Focus on Libya as Turkish and French FMs meet in Paris
PARIS – The foreign ministers of Turkey and France on Monday held talks in Paris, in a rare high-level meeting after months of tensions over international crises and French domestic legislation against radical Islamism.
During the meeting, the two sides reiterated the need to respect the political transition’s roadmap in Libya that will lead the country to stability and elections.
They also called for translating the ceasefire in Libya into action, according to a statement by the French Foreign Ministry.
The Turkish Foreign Minister Mevlut Cavusoglu said that Turkey and France share some priorities in Libya, such as the stability and political unity of the country, support for the Government of National Unity (GNU) exercising its power throughout the country and for the reunification of institutions, a lasting ceasefire, as well as the fight against terrorism and irregular migration.
In an op-ed for the French daily L’Opinion, Cavusoglu added that Ankara was open to dialogue on issues of common interest in Libya, whose stability affects the entire region.
France’s Jean-Yves Le Drian hosted Cavusoglu for talks ahead of NATO and EU summits later this month, the French foreign ministry said in a statement.
In addition to Libya, the two ministers discussed Syria, the Mideast peace process and NATO cooperation, including “the values and principles that sustain the (NATO) alliance,” it said.
“We aim to strengthen our relations with France on the basis of mutual respect,” Cavusoglu wrote on Twitter after the meeting.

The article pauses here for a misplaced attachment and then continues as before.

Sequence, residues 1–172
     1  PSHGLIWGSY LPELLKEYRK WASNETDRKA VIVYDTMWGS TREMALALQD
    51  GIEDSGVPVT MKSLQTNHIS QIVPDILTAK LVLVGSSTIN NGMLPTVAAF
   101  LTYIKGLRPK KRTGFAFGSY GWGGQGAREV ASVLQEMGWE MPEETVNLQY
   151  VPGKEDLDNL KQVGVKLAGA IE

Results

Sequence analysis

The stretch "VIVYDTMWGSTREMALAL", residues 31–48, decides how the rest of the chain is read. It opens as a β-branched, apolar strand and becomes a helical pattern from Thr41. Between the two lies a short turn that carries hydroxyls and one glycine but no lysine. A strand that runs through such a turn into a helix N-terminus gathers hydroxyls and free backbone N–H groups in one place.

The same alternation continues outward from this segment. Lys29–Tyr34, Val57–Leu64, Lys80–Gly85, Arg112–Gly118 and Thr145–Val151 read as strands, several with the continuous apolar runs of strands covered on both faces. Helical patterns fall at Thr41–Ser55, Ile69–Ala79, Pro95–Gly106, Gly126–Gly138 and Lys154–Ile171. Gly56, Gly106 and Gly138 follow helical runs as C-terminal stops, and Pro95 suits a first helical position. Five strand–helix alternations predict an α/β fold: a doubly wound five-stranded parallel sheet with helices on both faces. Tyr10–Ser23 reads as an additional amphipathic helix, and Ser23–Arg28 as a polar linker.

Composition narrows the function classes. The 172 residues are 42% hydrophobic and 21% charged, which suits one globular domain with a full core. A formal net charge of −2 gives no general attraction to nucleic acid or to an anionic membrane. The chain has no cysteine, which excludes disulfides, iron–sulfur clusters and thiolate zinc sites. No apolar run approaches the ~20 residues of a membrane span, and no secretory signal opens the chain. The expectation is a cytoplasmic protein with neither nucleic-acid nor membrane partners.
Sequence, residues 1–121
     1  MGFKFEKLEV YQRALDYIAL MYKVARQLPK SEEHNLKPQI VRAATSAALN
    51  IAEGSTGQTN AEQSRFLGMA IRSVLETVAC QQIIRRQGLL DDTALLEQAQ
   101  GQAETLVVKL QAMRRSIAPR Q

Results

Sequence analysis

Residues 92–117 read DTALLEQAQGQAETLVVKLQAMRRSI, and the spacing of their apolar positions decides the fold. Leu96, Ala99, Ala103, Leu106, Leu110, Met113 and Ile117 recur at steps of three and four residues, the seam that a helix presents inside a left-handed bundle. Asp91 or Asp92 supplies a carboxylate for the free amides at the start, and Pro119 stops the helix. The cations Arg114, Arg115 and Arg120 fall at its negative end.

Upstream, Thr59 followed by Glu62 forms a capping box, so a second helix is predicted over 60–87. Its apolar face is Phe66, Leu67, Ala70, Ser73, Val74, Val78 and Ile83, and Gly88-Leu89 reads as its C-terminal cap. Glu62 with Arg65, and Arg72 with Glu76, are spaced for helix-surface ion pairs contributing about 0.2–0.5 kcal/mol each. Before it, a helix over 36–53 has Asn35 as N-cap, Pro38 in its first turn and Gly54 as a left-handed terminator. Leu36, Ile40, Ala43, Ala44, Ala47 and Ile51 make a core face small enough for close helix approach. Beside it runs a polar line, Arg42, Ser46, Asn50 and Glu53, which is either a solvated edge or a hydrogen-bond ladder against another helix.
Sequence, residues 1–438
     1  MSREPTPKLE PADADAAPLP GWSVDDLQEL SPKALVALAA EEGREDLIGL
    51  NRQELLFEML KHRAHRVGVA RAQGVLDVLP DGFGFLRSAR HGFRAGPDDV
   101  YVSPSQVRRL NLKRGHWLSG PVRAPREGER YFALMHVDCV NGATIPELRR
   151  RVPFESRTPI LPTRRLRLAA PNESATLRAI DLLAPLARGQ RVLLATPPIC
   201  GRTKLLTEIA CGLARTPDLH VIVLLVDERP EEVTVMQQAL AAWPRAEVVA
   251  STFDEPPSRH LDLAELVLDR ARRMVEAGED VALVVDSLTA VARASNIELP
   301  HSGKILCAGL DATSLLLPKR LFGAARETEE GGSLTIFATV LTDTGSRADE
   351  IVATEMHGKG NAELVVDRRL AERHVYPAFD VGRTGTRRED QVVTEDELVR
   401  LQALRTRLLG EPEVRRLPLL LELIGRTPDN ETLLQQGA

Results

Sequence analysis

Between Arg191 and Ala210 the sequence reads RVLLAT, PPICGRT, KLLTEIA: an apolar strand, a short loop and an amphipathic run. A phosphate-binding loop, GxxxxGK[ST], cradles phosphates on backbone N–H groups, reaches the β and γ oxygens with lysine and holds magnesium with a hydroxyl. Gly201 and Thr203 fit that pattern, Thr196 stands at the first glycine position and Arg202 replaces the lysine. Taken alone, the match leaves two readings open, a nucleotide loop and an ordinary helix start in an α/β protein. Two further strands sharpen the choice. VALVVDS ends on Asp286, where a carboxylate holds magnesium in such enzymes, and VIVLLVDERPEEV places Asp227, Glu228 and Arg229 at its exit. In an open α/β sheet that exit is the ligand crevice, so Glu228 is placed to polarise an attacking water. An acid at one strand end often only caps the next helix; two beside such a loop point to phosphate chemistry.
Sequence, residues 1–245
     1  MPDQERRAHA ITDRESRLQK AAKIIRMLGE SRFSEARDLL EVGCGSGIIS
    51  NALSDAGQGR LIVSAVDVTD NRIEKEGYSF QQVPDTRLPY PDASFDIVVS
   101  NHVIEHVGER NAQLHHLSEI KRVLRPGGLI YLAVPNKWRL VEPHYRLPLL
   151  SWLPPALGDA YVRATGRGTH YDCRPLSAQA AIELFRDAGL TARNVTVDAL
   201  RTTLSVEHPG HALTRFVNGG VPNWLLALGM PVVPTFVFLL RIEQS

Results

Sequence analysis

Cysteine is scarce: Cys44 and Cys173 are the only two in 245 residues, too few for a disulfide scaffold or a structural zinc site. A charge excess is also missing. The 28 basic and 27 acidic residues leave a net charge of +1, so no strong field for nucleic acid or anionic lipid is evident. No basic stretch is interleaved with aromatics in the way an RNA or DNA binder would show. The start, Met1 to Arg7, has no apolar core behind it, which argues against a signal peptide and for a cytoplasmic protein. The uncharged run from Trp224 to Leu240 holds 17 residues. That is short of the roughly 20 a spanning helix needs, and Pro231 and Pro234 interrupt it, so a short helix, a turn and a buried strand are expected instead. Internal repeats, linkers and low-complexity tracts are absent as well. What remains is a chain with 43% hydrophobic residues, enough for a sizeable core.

Tensions between Paris and Ankara have been running high after a series of public rows between President Recep Tayyip Erdogan and President Emmanuel Macron, who warned in March that Turkey would meddle in the 2022 presidential elections.
The pair have locked horns over a series of international crises including Libya, Syria and Nagorno-Karabakh.
Macron has suggested Ankara’s unilateral moves on the international stage have contributed to a “brain death” of NATO, where Turkey is a key member.
A new law against Islamist extremism which the French government introduced after a series of attacks also aroused Erdogan’s ire, with the Turkish leader accusing France of Islamophobia.
The relationship between Macron and Erdogan hit a low last year when the Turkish leader said his French counterpart needed “mental checks.”
Erdogan in December then expressed hope that France would “get rid of” Macron as soon as possible, describing the president as “trouble” for the country.
But there have been tentative signs of an easing of tensions in the last months, with Turkey reaffirming its commitment to EU integration.
Meanwhile a UN-led peace process that saw a new interim unity government installed in Libya earlier this year has also removed a major point of conflict between Paris and Ankara even as Macron insists that all Turkish forces must leave the country.
“Everything must be done to ensure that the political, security and electoral transition calendar is respected and that the ceasefire is translated into reality,” the French foreign ministry said on Libya.